Windows on to history at Fort Ticonderoga. 

A few photos digitally enhanced from this past weekend at Fort Ticonderoga.  

Fort Ticonderoga and Saratoga are link along this pathway of war.  The strategic Richelieu-Champlain-Hudson corridor was not only the setting for the well-known military campaigns and battles of the 18th and 19th centuries, it also served as an important venue for exploration and settlement, a setting for revolution and defiance, and a place of societal and governmental evolution. The early inhabitants of the region—the Mohawk, Abenaki and Mahican people—had their own history, traditions and culture long before the arrival of French explorer Samuel de Champlain and English (employed by the Dutch) explorer Henry Hudson in 1609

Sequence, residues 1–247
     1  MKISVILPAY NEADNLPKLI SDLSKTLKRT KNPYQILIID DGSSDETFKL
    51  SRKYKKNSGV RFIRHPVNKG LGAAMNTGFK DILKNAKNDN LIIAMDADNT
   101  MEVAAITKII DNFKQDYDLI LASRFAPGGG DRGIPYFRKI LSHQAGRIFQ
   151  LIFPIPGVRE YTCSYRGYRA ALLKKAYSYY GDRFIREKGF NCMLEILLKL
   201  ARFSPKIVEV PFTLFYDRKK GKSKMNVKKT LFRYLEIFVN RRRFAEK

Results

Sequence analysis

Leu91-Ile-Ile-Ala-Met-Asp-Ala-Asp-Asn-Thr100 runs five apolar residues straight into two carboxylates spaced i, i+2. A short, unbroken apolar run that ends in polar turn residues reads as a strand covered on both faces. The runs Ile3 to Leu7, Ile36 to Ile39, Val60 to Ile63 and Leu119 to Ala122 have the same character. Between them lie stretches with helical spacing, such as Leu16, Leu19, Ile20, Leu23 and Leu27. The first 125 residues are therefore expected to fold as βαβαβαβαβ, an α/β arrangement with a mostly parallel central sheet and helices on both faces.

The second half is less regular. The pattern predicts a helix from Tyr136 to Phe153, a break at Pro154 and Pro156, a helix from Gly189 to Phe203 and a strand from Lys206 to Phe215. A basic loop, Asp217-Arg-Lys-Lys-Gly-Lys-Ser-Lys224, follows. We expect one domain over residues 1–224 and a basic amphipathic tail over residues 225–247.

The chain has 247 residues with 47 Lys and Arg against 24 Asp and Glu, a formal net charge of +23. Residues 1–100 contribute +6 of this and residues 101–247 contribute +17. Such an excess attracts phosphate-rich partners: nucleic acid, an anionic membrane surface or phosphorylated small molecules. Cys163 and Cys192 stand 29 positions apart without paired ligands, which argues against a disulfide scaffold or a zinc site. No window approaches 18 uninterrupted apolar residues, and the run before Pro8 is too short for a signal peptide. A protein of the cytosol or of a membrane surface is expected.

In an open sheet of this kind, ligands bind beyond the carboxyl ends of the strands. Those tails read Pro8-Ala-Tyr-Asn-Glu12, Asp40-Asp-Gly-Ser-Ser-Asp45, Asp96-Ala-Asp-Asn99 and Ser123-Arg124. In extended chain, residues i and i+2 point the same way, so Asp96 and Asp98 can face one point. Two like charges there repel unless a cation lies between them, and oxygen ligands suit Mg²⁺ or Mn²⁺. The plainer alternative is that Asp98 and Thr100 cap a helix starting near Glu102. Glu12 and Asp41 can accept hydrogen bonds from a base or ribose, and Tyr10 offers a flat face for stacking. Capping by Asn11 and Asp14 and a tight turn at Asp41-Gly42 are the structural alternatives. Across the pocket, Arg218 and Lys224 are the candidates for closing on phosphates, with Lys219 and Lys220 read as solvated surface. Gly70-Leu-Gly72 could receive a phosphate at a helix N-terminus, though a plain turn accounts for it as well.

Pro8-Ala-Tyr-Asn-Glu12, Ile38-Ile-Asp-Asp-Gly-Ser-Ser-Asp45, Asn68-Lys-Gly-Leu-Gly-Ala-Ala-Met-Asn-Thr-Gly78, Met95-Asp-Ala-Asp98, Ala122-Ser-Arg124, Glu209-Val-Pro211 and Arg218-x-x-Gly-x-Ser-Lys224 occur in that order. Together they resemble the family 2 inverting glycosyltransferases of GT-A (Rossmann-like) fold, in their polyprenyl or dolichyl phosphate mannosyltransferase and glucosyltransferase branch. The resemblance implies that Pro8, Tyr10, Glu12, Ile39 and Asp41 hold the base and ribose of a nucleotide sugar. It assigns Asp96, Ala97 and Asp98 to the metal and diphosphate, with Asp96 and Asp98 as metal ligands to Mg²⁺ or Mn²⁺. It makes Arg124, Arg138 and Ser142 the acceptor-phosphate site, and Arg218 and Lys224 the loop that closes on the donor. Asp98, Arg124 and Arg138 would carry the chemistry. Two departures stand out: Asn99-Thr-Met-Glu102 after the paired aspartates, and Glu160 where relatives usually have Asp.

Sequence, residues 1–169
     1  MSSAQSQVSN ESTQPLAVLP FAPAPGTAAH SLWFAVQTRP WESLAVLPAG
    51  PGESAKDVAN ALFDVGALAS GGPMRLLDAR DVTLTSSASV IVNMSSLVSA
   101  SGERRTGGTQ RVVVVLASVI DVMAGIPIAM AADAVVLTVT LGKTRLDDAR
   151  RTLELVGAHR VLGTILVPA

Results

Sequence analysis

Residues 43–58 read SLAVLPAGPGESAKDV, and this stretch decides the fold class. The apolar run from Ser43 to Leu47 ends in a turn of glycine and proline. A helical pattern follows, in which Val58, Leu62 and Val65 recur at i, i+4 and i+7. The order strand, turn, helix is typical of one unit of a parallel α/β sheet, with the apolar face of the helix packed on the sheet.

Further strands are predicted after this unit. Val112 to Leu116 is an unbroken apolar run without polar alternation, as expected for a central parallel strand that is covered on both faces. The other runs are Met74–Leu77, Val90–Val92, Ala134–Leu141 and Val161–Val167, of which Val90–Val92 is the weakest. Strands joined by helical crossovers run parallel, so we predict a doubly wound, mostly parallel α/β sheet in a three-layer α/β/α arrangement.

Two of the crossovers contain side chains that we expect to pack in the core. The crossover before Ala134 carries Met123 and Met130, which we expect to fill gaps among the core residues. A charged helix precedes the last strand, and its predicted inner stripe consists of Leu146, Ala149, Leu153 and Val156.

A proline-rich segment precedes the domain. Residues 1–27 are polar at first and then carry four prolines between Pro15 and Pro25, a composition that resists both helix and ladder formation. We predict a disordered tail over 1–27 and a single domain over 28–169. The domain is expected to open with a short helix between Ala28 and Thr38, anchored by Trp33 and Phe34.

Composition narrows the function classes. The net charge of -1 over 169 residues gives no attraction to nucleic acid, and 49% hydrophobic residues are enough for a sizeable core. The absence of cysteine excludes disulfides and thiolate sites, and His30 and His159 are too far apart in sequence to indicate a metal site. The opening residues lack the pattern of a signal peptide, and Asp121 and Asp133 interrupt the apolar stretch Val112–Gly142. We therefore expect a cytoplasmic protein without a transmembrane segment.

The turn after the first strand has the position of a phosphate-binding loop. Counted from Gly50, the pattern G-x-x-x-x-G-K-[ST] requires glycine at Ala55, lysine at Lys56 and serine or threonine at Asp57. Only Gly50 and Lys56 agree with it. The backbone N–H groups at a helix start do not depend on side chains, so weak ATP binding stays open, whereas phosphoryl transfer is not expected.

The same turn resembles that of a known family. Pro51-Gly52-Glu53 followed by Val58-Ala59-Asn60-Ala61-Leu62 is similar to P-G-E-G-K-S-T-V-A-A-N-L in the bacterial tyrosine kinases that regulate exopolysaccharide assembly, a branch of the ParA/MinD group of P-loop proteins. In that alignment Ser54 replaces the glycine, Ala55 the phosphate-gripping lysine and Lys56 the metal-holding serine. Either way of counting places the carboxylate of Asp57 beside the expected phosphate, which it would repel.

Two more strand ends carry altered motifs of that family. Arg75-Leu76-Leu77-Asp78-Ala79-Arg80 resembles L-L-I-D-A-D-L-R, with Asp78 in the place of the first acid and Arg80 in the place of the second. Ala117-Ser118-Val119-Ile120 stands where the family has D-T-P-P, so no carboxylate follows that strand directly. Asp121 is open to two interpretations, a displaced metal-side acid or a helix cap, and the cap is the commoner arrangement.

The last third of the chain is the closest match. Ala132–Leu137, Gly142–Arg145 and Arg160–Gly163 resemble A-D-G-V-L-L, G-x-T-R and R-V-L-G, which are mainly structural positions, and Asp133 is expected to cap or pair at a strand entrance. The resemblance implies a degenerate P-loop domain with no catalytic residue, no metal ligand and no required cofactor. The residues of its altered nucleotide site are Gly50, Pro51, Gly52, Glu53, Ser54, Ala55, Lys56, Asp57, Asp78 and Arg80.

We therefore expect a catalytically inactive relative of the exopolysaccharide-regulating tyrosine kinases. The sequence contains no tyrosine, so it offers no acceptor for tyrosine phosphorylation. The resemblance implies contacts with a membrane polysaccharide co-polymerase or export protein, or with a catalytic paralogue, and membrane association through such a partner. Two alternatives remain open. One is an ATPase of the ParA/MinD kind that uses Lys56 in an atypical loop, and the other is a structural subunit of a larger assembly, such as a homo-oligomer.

Claimed by France to the north, the Netherlands—and later Great Britain—to the south, the strategic corridor was contested by the European powers for 150 years after Champlain’s visit. Following the British triumph in the French and Indian War in 1763, the Union Jack flew over the entire region. The Americans and British vied for control of the important corridor in the first years of the Revolutionary War. The decisive American victory at Saratoga in 1777 convinced the French that they should ally themselves with the new democracy. When the Revolutionary War ended in 1783, the British retreated into Canada, only to return during the War of 1812. Another American victory at the 1814 Battle of Plattsburgh helped secure a lasting peace between the two nations.


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